MotheringDotCommune and Their Medical Stalker

I've not been to my little niche of MotheringDotCommune in a week now. It's sad - sad for me, and sad for the folks I left behind who are accustomed to my presence. It's very easy to get attached to our particular groups, especially those that gather around very sensitive and poorly understood.

Anyway, the background is . . .

I was looking through my google alerts one day and came across a post from a regular thorn in the side of the natural birth advocacy community. This former doctor is notorious for stalking the open forums hosted by Mothering Magazine and coming up with her own ridiculous statistics that further her cause. It's sad. And for those who just happen upon her blog and don't have the kind of support that I have enjoyed through natural birth advocacy networks (such as the International Cesarean Awareness Network, Childbirth Connection, Citizens for Midwifery, and Conscious Woman, to name a few). What was different about this blogger's post was that her target was now the BIRTH TRAUMA group. She was directly quoting from the birth trauma forum hosted at Mothering.

I understand birth trauma now. I learned about it a very different way . . . from pregnancy loss. However, I know it's there and know how it feels. And I know how marginalized it has been in the past. Heck, women still don't feel comfortable talking about birth trauma. They should be so lucky to have a healthy baby . . . as if the health and wellbeing of the baby isn't affected by the health and wellbeing of the mother. Birth trauma can happen to women who have unwanted cesareans and to women who had natural birth. Just because a woman has a healthy baby or was able to push her baby from her womb without medical assistance doesn't mean that she won't suffer from PTSD or PPD. I blogged about PTSD after pregnancy loss; my post relied heavily on this excellent post by a psychotherapist.

On a personal level, to use unique comments from a support forum (no matter if it's private or public) is just not right. Those women need to build a sense of community that at least seems buffered from the entire world thad doesn't understand their pain anyway. I think Mothering should make this forum private, and that there should be entry criteria that needs to be met before entrance to the forum is granted. I blogged about this too (read the comments as well). What makes me angry is that I was censored (without being told WHY or being directed to the terms of use statement) THRICE at MotheringDotCommune - (1) for posting a warning at my group's area, (2) for clarifying WHY I posted the warning (since it was taken down), (3) for posting on my particular group's monthly thread for saying that I was "upset about MDC" and may not be around for a while.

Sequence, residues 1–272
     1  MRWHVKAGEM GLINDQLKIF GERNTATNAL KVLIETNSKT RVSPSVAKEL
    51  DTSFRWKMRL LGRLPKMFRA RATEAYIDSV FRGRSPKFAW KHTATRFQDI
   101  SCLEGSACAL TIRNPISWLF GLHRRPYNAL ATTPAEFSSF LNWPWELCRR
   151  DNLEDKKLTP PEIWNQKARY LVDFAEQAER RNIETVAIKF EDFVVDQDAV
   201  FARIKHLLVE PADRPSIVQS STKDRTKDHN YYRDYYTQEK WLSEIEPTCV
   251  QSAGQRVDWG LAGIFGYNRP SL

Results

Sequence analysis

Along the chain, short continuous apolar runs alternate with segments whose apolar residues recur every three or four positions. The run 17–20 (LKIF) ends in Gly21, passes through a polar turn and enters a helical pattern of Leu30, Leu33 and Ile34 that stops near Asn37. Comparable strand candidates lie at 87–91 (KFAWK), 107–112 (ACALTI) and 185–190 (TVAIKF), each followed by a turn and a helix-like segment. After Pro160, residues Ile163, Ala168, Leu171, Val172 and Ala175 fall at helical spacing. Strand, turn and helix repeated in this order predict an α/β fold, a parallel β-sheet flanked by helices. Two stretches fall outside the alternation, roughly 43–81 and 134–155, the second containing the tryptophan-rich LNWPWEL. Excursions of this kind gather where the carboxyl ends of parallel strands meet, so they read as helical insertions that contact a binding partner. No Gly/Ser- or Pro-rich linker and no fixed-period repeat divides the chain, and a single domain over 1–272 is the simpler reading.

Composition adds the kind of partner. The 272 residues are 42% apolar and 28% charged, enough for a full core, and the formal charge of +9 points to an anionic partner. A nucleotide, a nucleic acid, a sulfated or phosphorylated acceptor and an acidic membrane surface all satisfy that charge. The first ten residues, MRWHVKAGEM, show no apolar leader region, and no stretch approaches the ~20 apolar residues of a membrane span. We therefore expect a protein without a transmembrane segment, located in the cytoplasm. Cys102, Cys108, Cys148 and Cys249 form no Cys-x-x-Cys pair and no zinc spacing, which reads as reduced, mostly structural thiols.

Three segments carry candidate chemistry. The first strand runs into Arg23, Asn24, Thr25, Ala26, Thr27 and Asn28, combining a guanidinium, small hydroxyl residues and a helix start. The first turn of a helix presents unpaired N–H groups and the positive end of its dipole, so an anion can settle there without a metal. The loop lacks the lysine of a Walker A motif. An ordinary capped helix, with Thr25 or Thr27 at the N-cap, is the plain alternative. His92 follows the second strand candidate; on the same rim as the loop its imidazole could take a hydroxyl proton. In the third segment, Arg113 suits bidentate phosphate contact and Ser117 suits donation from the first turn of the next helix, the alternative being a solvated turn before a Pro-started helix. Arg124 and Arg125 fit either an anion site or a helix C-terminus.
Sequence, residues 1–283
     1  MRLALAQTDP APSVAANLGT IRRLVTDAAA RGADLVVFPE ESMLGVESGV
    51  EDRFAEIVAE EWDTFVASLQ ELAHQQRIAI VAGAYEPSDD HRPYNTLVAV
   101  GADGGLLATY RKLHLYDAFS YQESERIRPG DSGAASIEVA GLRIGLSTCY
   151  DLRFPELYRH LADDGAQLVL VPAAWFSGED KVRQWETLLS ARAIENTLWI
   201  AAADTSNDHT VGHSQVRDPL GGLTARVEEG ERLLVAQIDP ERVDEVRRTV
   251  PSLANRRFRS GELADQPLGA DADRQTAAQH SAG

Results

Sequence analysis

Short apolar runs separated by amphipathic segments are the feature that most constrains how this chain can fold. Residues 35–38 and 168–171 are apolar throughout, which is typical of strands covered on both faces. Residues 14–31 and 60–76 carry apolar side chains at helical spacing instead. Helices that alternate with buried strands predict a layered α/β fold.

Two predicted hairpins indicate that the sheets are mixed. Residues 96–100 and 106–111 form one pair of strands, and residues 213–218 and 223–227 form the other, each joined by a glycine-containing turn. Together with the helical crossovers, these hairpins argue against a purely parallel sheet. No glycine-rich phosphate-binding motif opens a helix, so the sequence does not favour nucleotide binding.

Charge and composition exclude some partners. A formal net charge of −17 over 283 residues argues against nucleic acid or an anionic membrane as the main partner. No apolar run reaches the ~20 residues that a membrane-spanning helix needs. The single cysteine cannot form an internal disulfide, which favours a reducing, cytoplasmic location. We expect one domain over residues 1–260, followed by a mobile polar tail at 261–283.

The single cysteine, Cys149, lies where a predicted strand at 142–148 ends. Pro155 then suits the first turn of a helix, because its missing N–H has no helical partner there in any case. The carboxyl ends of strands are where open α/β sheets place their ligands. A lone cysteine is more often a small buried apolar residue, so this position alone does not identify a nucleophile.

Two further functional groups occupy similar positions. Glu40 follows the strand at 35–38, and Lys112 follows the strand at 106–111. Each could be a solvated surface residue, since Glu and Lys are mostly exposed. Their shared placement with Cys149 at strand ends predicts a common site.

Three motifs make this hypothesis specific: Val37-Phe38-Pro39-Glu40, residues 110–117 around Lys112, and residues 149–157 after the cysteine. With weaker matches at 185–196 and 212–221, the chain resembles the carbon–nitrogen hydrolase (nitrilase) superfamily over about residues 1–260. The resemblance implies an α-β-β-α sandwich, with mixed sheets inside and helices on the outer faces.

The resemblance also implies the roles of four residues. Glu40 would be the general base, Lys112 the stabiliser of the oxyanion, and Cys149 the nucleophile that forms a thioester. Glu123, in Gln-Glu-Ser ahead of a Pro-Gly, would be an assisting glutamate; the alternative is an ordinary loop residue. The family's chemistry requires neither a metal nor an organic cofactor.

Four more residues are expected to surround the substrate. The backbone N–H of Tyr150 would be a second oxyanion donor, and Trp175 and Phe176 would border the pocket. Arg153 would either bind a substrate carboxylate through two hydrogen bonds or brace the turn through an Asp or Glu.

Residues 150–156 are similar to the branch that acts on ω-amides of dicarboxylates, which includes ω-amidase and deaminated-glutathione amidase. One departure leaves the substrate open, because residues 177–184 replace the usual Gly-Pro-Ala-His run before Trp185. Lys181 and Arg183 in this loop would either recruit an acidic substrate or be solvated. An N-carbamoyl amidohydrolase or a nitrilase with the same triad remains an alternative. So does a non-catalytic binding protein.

As a user of MotheringDotCommune, I am evidently not allowed to warn fellow mothers that their comments are not private and that others may use their comments maliciously without their consent. As a user of MotheringDotCommune, I am evidently not allowed to question the actions (or non-action) of the moderators in public. I was told that I could private message an administrator. Of course I had done that and was told that MotheringDotCommune couldn't do anything to protect its members. What a cop-out!

On a semi-professional level (semi-professional because I'm not a professional blogger), it is unethical to exploit others on the internet for your personal gain. This particular blog is always polemic, and that's fine, she has her herd of goats that just love that stuff. What is NOT fine is profiteering from the misfortune of others. Additionally, her post likely violated copyright law, since there is no indication that she sought and received permission to post those comments. Anyone with advanced degrees knows how to conduct research and how to correctly cite sources for publication. Just because this blogger put this up on the internet doesn't relieve her from the responsibility of ethical and legal citation, and she knows that.

I am quite disappointed in MotheringDotCommune. They put up a much needed forum and then did nothing to protect the very women they drew there. I knew that my comments there were always public and therefore viewable by just anyone who was interested. I was ok with that, because women need to know that pregnancy loss happens, and they need to know how others are fighting primary infertility, secondary infertility, and subfertility (God I hate that term). Infertility research doesn't make enough money, and on the clinical side, infertility treatment is more guess work and art than clearly proven methodology.

Mothering benefits from the strength of the community built on their public forums. The least they can do is take these threats seriously and do what is necessary to protect their community. They could start by revising their copyright statement which does not remind readers that all comments are owned by the original posters.

Views: 121

Tags: Magazine, Mothering, MotheringDotCommune, copyright, ethics, forum, issues, law, netiquette, privacy, More…public

Comment

You need to be a member of Social Moms: the influential moms network to add comments!

Join Social Moms: the influential moms network

Comment by Lorry Fach-Pedersen on January 11, 2009 at 1:11pm
I already had problems with MDC's policy of deleting anything that seems like it might be a dream of a whisper of a shadow of questioning them, but I did not know about this. That's awful! Unfortunately even informing people of a private forum alternative is against the UA! Ugh.

 

 

 

© 2014   Created by Megan Calhoun.

Badges  |  Report an Issue  |  Terms of Service